I was a little nervous getting started with Flatiron's Coding Bootcamp. I knew that I enjoyed coding, but I had also been teaching the same introductory content for years and didn't know how I would feel once I left that little bubble. After completing my first project, I can say that it is an incredible high to have designed and written a program that uses a host of tools and concepts -- object models, interacting classes, a command line interface, data from an API -- and that someone else could legitimately use! It's a far cry from being "useful" in the real-world sense, and still leaves me with this gnawing question of "will I actually be able to create things that people are willing to pay me for?" but I do feel that this project was a big step in the positive direction. Here are some reflections on the process.

Using an API: Imposter syndrome is always an issue for me, and it is often triggered by hearing terms over and over that seem to mean something specific to everyone else but are confusing to me! Once of those terms has always been "API" -- I would hear those letters thrown around so casually and think that I must be the only one who doesn't actually understand what an API is. This project was a great way to tackle that head-on. My awesome instructors demystified the idea of an API as simply a way of communicating with a database, and modeled the process of playing with various API requests and the data they returned. I used this list of public API's to guide my research and wound up choosing Open Trivia Database's Trivia API.

Starting with the End Product: In teaching we call this "backwards planning", and I found it to be great advice in terms of getting past that blank-screen syndrome. Instead of starting by mapping out all of my classes and methods, I started high-level: by creating my command line interface. What did I want the user to see when they pressed 'run'? When they pressed 'play', what menu should appear? As I thought about this from the perspective of the user's experience, the necessity for certain methods just became super clear. (I love the idea of calling the methods you wish you had, and then going back and implementing them!) Once I had something working, I was able to go back and refactor my methods ... but it was much easier to think calmly and deeply about my program's structure when I already had some working code.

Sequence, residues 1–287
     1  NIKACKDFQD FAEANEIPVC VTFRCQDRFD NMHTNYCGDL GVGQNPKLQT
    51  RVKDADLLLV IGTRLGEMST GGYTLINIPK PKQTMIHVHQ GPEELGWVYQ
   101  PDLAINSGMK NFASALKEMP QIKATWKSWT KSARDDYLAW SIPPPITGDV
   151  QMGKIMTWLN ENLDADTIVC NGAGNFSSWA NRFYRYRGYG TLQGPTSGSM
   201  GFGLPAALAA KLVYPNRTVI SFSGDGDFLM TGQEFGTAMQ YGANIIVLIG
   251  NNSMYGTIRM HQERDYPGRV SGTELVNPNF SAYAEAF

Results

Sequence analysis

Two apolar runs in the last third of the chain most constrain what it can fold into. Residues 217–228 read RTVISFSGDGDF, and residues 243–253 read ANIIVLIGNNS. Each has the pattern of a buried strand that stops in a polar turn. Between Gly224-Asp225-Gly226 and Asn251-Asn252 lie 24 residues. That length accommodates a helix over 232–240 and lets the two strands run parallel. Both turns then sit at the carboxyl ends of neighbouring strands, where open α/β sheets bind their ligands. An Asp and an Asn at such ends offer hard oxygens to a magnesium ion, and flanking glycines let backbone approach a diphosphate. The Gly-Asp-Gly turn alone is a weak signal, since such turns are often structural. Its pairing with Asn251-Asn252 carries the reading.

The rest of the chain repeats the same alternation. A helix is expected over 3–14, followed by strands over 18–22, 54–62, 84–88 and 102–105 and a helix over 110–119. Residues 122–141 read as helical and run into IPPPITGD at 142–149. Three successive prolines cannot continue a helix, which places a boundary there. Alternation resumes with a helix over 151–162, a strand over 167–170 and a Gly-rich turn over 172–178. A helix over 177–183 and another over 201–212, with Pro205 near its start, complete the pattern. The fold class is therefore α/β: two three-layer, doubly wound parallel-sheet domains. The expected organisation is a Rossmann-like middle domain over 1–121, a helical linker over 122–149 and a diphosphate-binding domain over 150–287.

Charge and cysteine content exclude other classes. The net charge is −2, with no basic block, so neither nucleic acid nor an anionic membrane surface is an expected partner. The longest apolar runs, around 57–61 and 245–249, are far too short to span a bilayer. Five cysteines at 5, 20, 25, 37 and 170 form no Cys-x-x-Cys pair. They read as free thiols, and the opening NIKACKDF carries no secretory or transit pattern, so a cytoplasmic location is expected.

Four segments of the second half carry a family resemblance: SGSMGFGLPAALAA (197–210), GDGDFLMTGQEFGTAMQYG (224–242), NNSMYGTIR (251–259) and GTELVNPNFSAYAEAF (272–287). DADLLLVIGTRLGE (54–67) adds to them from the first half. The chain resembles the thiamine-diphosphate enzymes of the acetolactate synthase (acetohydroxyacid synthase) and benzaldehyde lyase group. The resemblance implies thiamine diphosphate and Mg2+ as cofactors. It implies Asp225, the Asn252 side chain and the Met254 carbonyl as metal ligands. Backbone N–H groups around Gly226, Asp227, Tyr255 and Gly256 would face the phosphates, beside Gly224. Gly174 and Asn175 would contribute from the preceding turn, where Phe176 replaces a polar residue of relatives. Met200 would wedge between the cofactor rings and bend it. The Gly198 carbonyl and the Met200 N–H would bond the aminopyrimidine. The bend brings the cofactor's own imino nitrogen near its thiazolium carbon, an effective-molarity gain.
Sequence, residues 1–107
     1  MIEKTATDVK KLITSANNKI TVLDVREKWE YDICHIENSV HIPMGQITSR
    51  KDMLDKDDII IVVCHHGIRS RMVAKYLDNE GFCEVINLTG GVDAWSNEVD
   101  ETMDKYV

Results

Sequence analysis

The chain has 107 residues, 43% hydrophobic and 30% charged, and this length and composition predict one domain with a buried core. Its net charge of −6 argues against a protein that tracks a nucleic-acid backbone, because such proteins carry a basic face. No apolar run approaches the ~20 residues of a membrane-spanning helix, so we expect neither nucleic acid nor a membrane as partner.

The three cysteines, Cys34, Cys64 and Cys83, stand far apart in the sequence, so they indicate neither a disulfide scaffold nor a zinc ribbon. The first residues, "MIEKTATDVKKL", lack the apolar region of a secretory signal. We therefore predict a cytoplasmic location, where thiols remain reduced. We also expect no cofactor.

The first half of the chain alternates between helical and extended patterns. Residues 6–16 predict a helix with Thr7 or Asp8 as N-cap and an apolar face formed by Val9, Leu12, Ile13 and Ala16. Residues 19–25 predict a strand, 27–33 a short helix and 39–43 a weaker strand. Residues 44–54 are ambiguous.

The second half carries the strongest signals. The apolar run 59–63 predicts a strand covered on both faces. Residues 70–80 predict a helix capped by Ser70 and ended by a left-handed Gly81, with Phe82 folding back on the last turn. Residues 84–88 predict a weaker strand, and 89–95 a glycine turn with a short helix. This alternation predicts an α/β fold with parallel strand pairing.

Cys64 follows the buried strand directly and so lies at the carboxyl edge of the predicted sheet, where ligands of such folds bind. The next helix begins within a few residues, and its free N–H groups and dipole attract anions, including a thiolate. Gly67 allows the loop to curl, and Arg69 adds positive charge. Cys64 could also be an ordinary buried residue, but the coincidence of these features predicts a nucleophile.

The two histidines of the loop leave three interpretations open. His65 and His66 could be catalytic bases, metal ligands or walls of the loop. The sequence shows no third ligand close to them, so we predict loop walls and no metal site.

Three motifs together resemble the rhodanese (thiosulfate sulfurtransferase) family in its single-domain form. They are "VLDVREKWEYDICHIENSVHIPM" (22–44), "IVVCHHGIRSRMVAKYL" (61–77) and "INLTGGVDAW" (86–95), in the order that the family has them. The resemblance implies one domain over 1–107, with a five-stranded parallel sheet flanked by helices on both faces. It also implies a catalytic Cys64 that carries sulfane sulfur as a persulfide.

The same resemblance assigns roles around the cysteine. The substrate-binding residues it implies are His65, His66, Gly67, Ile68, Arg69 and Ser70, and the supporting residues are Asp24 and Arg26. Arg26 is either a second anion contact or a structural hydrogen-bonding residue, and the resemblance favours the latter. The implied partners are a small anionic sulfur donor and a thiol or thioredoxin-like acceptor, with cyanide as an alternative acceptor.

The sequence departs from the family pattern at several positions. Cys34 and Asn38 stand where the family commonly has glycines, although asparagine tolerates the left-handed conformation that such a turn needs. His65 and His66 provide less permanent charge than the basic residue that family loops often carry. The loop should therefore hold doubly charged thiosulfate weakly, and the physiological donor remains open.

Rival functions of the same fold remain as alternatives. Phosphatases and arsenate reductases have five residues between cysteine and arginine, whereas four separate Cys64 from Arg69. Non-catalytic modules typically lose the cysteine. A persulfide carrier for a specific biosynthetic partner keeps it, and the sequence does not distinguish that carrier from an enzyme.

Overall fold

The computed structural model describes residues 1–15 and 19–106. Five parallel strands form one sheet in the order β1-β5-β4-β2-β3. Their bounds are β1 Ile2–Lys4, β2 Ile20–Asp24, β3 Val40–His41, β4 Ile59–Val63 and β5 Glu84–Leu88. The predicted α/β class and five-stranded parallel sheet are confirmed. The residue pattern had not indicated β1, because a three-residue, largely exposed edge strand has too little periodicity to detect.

Creating Object Models: In previous labs, we had been told what attributes and methods our objects should have. This time, it was up to us to design our classes. It made sense to create TriviaQuestion objects out of the trivia question data I was retrieving. Most of my attributes corresponded with information I was pulling directly from the API request: every trivia question had a category, a difficulty, a question, etc. I had to get a bit more creative in terms of storing a TriviaQuestion's answer choices. The API returned a question's correct answer as a string, and its incorrect answers as an array of strings. For example, the following question:

has a correct_answer of "1984", and incorrect_answers of ["Catcher and the Rye", "The Old Man and the Sea", "To Kill a Mockingbird"] ... which is all well and good, but doesn't really help when the user types in 'A' or 'C' as their answer choice! So, I decided to create an answer_hash attribute in order store the (randomized) letters themselves as data, and associate them with their corresponding strings. This particular question would have an answer_hash attribute of:

The previous data structure labs were interesting but had left me wondering why and how I would organically create such a structure (like a nested hash) on my own. Hence the epiphany when I came to this part of my project!

Testing for Bugs: After some playing around, I decided that five was the right number of questions for these mini trivia quizzes. I was having a lot of fun testing my program and answering trivia questions from various categories, and it wasn't until I had done this about 15 times that I happened to hit a category that didn't have five questions for the difficulty I had specified (I believe I was looking for hard questions about gadgets?). I referred back to the API documentation and noticed that "the API appends a 'Response Code' to each API call to help tell developers what the API is doing." How convenient! As a solution, I decided that I would generate as many questions as possible using the desired category and difficulty, and then fill in the remainder with questions from random categories of the same difficulty.

In future iterations of the program, I'd like to enable the user to select multiple categories from which to pull questions. For now, I think this is an effective work-around that prevents a somewhat subtle bug from causing some unexpected behavior!

Being OK with "Smile and Nod": As I continue to embrace the beginner's mindset on my coding journey, I can't help but think about phrases I used to repeat to my high school AP Computer Science students (most of whom were coding for the first time). One such instance was on the first day of class, when they'd write their first Hello World program in Java. To get this one statement to display to the console, students would have to declare a class and a main method using public static void main(String[] args). This was literally gibberish to my kids and I tried to encourage them by telling them this was a "smile and nod" moment: although they had no idea what things like public and static meant, it didn't matter -- they could still write cool code, and if they kept on learning then one day they would understand things like public and static.

As a highly linear thinker, it can be difficult to take this particular advice myself. I like to start at the beginning and understand everything fully, in order. As we know, this just isn't always possible. One particular "smile and nod" moment for me in this project was noticing that the API calls seemed be returning strings with some encoded symbols. I did a little digging and decided that the easiest solution was to ask the API to return the data using what seemed like an even deeper level of encoding (base-64), but one that appeared straightforward to ask Ruby to decode using the Base64 module. I understand very little about encoding and literally nothing about base-64, but I'm proud that I forged ahead and patched up the problem rather than allowing it to consume me.